Skunks Don't Like Light

My dog was skunked. If you have a dog, you understand the drama this creates. If not, you can imagine.  Frantic dog bathing in a special solution and loads of laundry.  It’s a brutal assault on basic living. Oh, well, things happen, right? But then, my poor dog was skunked again the next night. Clearly I had a skunk problem.  

I learned that skunks – night dwellers - don’t like light. There are other safeguards, but I have lights, so that became my go-to solution. A combination of flood and motion-activated lights have helped – so far.  

Our routine had to change. I now go out first alone with a flashlight to chase any skunks away.  Only then can my dogs come out. I stay with them in the yard, vigilant and constantly scanning with the flashlight.  We’ve lost a freedom.

I’m struck by a parallel between my skunk issue and what’s happening in our relationships with brands. We feel a greater need for vigilance and caution.  We’re losing trust in almost every level of brand engagement.

In a great series on trust, the Harvard Business Review states what we know is true, “Businesses that build trust among their customers are rewarded with greater loyalty and higher sales.”  .

How do businesses build trust? Kellogg School of Management Professor Niko Matouschek states in his excellent video series that “transparency is important. It’s important that customers are able to observe how I’ve treated other customers in the past.” D!gitalist recently published SAP CEO Bill McDermott’s solution to rebuilding trust. His first point? 100% transparency. 

Here is the parallel: Skunks don’t like light. Businesses engaging in unfair or deceptive practices don’t like transparency.  

Businesses are finding transparency isn’t a static state. Acceptable transparency levels are evolving. Trade secrets have been the engine of competitive advantage. The secret formula of Coke.  KFC’s secret blend of herbs and spices. Today, such secrets are no longer easily accepted.

Food labeling is evolving as consumers demand no secrets in foods.  Google has been pulled into ongoing dialog with the U.S. Congress to openly explore its business building algorithm. And, Facebook…well, you know. Consumers weary of hidden secrets are demanding expanded levels of transparency.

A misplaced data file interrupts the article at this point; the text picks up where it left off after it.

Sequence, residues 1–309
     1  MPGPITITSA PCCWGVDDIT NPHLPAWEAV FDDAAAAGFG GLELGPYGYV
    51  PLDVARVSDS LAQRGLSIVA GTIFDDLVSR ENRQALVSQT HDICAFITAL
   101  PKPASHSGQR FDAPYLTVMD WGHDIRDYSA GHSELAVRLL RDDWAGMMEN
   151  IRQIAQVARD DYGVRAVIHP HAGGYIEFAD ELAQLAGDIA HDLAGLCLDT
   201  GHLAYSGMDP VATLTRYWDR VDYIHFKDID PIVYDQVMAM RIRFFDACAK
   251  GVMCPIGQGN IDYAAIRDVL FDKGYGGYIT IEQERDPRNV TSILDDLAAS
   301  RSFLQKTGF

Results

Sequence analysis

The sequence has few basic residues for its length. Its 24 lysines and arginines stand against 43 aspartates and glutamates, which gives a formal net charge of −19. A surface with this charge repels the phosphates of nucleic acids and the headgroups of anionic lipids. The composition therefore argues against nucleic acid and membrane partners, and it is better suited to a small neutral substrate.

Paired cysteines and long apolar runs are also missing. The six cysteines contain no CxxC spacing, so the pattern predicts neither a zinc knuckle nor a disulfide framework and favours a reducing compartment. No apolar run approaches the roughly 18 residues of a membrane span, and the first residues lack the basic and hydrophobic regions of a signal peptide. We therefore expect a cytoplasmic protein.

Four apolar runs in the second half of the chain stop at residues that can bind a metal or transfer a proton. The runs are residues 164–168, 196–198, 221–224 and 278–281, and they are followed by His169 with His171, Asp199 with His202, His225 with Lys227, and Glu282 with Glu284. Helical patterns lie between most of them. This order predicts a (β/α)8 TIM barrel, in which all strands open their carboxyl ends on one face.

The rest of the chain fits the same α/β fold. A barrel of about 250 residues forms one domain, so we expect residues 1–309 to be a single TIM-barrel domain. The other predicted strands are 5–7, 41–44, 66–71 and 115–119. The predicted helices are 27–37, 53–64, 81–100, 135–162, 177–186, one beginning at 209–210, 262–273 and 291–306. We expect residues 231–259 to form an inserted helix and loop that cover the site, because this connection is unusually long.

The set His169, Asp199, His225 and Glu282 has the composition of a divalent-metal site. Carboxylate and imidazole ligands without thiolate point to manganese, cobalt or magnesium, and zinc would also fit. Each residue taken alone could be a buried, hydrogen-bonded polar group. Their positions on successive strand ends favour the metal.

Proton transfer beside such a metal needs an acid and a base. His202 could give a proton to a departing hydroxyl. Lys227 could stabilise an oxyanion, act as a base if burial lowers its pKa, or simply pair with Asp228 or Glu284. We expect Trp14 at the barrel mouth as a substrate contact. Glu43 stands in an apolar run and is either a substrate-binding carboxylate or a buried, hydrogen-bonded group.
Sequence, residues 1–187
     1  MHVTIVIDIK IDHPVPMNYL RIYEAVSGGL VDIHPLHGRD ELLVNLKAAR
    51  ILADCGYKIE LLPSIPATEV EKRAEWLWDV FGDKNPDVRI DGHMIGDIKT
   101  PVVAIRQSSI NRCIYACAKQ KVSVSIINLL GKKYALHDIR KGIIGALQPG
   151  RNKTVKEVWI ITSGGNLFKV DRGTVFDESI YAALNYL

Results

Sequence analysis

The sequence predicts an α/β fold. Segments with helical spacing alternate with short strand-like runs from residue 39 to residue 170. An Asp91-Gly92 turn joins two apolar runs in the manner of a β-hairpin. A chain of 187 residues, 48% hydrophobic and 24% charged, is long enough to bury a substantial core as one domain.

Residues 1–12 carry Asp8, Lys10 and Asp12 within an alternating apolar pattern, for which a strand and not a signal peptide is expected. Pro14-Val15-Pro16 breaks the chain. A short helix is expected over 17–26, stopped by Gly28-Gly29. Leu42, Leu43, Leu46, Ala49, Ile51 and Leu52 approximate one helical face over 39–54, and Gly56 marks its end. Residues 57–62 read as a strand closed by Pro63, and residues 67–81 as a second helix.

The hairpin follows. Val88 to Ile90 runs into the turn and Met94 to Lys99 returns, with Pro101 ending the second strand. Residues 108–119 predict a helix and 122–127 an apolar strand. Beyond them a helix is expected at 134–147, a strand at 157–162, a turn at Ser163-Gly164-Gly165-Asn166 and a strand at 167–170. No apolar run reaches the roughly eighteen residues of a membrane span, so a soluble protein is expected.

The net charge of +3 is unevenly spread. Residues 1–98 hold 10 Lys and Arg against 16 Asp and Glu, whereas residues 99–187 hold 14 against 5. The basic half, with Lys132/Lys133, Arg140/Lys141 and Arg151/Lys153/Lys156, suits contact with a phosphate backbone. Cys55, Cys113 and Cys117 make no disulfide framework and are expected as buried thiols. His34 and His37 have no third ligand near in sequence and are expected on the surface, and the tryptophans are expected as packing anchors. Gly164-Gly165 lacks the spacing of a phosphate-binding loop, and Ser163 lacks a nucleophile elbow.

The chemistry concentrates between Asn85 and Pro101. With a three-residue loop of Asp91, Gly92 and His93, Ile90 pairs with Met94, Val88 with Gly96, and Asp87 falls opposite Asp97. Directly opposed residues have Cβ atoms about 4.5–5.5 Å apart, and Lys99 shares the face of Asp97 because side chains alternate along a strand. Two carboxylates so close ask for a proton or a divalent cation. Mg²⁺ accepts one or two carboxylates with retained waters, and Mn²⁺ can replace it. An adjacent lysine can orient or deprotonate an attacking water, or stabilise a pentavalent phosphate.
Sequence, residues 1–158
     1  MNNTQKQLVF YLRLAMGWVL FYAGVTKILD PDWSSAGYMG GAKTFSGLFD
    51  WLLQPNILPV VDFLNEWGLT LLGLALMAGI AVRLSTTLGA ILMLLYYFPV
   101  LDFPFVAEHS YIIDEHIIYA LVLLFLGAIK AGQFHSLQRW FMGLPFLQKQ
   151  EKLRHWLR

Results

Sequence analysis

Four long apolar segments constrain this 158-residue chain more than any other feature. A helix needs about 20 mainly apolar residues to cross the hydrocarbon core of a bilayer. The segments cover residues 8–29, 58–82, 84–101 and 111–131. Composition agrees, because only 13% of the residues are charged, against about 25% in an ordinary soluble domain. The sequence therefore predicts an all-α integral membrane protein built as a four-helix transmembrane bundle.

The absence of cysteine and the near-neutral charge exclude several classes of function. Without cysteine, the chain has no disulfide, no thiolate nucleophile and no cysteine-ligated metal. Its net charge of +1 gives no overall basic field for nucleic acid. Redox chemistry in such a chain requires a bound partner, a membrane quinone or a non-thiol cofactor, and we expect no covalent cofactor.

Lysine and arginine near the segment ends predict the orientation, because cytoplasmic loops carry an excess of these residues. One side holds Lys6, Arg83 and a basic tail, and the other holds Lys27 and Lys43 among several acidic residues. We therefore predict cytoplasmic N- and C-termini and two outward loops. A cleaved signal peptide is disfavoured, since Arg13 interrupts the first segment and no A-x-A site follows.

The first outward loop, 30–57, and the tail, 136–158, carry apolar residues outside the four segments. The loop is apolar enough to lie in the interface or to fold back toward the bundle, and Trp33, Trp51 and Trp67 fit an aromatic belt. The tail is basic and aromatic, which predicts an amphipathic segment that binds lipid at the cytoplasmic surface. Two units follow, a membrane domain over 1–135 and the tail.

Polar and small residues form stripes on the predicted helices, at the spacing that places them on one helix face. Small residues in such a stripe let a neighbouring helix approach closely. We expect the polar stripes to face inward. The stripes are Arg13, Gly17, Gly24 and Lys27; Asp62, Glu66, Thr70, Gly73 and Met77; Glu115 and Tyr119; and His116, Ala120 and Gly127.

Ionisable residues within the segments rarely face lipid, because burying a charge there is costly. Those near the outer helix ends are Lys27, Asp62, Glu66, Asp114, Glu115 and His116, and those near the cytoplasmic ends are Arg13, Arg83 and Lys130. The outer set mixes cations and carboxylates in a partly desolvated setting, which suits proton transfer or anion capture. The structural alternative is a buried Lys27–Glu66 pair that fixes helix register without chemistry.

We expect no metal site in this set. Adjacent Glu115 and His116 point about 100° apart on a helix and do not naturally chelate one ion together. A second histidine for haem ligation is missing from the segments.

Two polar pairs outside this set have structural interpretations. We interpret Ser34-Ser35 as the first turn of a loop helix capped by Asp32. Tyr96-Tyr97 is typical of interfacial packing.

Online reviews, once considered the answer to product and service transparency, are losing trust. Businesses and consumers learned how to game the review system. As noted in a recent NY Times article on growing reviews,  “the tactics to make this happen often lead to rendering the star-rating scale useless.” What once brought trust now brings suspicion. This cycle will repeat as technology and trends evolve.

Brands can earn trust. Act with integrity. Do not deceive. Do not place profit above all else. Understand that a customer relationship is a relationship, not a profit opportunity.  And if you make a mistake, admit it and make it right. Stay current with your customer’s transparency expectations. Easy to say. Harder to do.

Are there aspects of your brand, product or service that your customers wouldn’t like if they knew?  Get your flashlight and chase away your skunks. 

Practice Saying "Yes"

The word “yes” is empowering.  It opens new opportunities.  It beckons innovation.  It delivers the most successful business programs and products. It can even make history.

Gil Amelio, the Apple CEO who would be succeeded by a returning Steve Jobs in 1997, cited Apple’s “undisciplined corporate culture” as a key problem.  Steve Jobs said, “You have to be run by ideas, not hierarchy. The best ideas have to win.”  Who do you think was guided by “no” and who was guided by “yes”?

“Yes” is so powerful that businesses put multiple safeguards in place to keep it in check. Almost every decision has to go through an approval process. Have you ever ordered lunch for a meeting and been reprimanded for not having approval to do so?  ”Yes” is corporate nitroglycerin.  ”No” is the corporate after-dinner mint.

To be fair, effective organizations have to align key functions around a “yes”. If funds aren’t available, if there are legal ramifications, if production isn’t available – any of these or a multitude of other factors can cripple an idea and thrust a company into trouble.

The problem is that business tries very hard to push most decisions to “no”.  Search “saying yes” on the Harvard Business Review website.  Three articles – all centered around the theme of saying “yes” to saying “no”.  Not really a “yes” at all.  

Saying “yes” to new ideas requires Informed Optimism.  If your outlook isn’t positive, no idea will resonate or take shape.  Dr. Richard C Senelick says, “Optimism is the inclination toward hope, and it determines how we come to terms with our present, future and past events.”  In other words, an optimist is more willing to envision the success and rewards of a new idea than to focus on the potential of failure.

Blind optimism is a road to disaster because it lacks grounding.  You must understand  your environment and the factors that create success.  Practical experience reduces evaluation time and provides greater confidence in decisions.  Add healthy optimism to that mix and you have a recipe for innovation and success.

Think of proposals or other new ideas you’re been asked to review.   Did you reject most outright?  Did you approve some only after significant revision?  Did you accept any outright?   What was your “no/yes” ratio?

Practice saying “yes”.  Listen to proposals with informed optimism.  Consider the good that can come of a “yes”.  Step towards risk within your information comfort zone.  Keep moving towards the edge with your “yes” decisions.  Find that perfect balance of informed optimism and you will begin to enjoy more notable success and greater personal satisfaction.